My wife knew I was starting therapy, because I told her before my first appointment last month. However, she forgot, and so I’ve been going along the past few weeks without mentioning it to her. I admit to experiencing a somewhat passive-aggressive vindication in her not remembering, as though it allowed me to think “see, she doesn’t even care about this big important thing that’s happening in my life”. This was pointed out by the therapist and it made me smile at my own unconsciously petty behaviour. So I sought to remedy that by telling her.
She laughed when I said the therapist said I’m a perfectionist, as though the notion was ludicrous. I explained that she meant less a person for whom everything had to be done to exacting standards, and more along the lines of Spud-from-Trainspotting perfectionism – which is to say I want everything to be perfect and if it isn’t then I can’t really be bothered. She didn’t laugh at that, because it’s true.
My approach on so much of my life is to cause “perfect” to be the enemy of “good enough”. This all-or-nothing mentality pervades every aspect of who I am, and explains the reason for my periodic swings between eating healthily and working out, and binging junk and avoiding exercise. In those cases, I initially stick to a routine with military rigour, but all it ever takes is a wobble in that routine – a missed gym session, a calorific take-away – for me to think “oh well, I screwed up, may as well give up and succumb to the slobbery”. You know, the old “I ate one biscuit, may as well finish the packet” style of thinking.
I told her about focusing on my needs and trying to understand what they really are. How and if they could be met. She remained silent for a long time after this. Three times I asked her what was on her mind. Each time she replied about what she was doing, such as “I’m just sitting here”. The third time, I gently said that I didn’t ask her what she was doing, but what she was thinking about. She diverted, made up something; I could tell by the way she averted her eyes. And something else: I saw fear there.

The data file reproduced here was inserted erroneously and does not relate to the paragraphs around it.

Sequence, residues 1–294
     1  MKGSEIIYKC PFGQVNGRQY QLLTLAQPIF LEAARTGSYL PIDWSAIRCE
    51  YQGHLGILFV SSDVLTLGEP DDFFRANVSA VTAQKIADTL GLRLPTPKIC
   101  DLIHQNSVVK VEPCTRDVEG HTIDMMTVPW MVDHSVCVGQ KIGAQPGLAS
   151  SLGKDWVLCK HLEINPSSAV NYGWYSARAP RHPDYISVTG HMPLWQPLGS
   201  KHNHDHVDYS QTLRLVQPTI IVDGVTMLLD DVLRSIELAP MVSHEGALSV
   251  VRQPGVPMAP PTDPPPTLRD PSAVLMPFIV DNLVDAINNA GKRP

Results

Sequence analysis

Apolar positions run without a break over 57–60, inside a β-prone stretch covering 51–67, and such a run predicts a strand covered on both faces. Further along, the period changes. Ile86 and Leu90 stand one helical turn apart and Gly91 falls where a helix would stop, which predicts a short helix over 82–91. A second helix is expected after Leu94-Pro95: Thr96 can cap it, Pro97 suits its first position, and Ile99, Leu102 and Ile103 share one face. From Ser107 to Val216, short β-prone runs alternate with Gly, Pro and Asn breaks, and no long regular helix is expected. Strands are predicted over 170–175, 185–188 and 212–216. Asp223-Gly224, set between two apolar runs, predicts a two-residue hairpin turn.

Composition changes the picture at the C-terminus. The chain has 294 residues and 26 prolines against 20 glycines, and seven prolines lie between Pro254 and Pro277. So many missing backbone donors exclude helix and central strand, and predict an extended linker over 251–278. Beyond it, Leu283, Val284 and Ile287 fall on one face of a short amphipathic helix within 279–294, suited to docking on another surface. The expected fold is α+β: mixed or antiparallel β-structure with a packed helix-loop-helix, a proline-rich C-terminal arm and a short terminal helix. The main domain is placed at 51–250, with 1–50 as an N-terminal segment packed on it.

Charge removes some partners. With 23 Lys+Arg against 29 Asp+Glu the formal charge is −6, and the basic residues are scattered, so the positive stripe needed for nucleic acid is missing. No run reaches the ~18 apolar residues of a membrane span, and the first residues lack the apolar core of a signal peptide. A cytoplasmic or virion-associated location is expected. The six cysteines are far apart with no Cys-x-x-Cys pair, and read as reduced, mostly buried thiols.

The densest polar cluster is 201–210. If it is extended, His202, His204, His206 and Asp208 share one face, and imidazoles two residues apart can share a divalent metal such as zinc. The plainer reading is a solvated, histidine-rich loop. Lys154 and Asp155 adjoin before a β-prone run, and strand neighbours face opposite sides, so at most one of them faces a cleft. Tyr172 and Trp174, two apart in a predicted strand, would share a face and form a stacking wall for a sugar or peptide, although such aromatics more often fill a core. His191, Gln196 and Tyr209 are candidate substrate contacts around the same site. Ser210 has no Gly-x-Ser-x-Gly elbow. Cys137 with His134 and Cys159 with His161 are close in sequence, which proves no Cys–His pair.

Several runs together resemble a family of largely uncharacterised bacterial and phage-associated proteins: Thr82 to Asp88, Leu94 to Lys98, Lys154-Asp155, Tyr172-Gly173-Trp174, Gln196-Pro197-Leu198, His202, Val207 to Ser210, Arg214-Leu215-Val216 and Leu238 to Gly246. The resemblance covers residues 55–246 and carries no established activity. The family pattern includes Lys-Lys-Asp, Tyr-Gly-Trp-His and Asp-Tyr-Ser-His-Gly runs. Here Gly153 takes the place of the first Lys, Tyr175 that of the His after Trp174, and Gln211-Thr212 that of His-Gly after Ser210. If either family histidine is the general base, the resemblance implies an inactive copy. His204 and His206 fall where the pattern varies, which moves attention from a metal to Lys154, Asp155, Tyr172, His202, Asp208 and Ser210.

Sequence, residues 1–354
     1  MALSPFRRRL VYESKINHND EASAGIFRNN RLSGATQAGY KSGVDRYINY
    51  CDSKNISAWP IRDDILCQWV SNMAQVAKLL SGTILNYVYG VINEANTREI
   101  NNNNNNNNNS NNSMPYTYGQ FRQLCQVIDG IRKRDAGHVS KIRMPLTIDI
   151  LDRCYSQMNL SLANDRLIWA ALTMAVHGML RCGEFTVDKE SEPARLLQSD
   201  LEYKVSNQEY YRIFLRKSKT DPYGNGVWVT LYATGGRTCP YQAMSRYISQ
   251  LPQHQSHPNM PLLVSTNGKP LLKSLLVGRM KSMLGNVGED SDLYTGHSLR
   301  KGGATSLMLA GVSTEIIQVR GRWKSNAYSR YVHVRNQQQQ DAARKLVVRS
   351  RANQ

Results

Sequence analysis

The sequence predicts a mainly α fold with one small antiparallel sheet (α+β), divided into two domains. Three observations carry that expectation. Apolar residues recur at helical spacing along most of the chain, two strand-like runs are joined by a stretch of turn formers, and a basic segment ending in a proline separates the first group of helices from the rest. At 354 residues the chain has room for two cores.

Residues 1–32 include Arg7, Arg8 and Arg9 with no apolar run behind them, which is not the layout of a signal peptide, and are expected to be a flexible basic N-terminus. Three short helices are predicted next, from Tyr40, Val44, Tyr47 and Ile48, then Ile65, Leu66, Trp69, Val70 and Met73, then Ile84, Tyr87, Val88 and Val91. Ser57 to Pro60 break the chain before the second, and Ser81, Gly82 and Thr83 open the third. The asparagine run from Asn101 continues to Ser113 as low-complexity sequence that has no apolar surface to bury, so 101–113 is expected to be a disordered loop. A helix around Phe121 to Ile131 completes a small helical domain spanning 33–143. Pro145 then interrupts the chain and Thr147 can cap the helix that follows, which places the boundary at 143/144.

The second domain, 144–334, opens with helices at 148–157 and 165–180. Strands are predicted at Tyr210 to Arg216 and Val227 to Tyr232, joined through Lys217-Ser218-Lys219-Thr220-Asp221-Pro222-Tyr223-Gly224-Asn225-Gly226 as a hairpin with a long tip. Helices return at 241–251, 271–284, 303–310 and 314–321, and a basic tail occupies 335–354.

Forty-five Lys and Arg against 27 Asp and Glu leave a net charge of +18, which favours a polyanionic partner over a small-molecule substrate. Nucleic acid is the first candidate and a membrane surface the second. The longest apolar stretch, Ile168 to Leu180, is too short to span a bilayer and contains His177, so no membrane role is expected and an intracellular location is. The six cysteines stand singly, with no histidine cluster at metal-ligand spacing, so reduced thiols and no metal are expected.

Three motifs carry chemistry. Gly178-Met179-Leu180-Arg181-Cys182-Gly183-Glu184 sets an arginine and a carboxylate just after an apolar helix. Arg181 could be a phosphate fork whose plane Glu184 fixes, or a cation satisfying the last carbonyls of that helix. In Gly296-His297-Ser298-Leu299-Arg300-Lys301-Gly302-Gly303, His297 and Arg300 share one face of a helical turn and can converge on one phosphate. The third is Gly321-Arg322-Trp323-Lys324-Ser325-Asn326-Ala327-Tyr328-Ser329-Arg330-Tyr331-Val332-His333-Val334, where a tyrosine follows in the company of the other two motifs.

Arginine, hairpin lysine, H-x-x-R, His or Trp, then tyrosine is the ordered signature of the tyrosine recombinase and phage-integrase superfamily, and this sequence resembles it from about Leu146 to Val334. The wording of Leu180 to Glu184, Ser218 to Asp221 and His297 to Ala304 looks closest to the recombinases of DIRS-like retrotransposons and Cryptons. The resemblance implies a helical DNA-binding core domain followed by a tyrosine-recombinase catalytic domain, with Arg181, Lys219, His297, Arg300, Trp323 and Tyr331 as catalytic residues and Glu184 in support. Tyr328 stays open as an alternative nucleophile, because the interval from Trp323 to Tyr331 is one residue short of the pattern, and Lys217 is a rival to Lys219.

I suggested that she could work out her needs too. I talked to her about non-violent communication, which isn’t about avoiding hitting people while you interact with them, but about using non-confrontational language that means people are less likely to become defensive when you discuss things with them. She was quite blasé about this, given she has a degree in psychology; and besides, she claims, that’s just common sense. I bit my tongue because my immediate cruel response was to say well if you know so much about it why the fuck do you speak to me like you do. Of course, that would not have benefited either of us, and probably would have made things worse. So instead I reiterated the value I’m finding in trying to take that non-confrontational approach where before responding you try to consider what the person’s needs are.
It didn’t feel productive. It felt like me sharing what was going on but getting nothing back. However I won’t let that phase me. I’ve hurt her. She’s going to need time to let her guard down.
The way things are right now, I don’t know how we’re going to get to the point when we have a truly open, honest discussion. The tentative steps I’m taking towards that seem almost laughable. However I must persist. I will figure out my needs. I’ll figure out hers too, with or without her help, though with would be easier. And in doing that I will work out whether or not either of us really stand a chance of meeting one another’s needs.
There are things I want the person I spend my life with to know. My passions. The things I’m good at. That I get satisfaction from. Yet to do that would be to devastate her. I know this. What I don’t know is how to reconcile this need to be transparent with her against the knowledge that fulfilling this need could destroy her.
On the other hand, to live the rest of my life suppressing so many things that I derive pleasure and satisfaction from would be to destroy myself.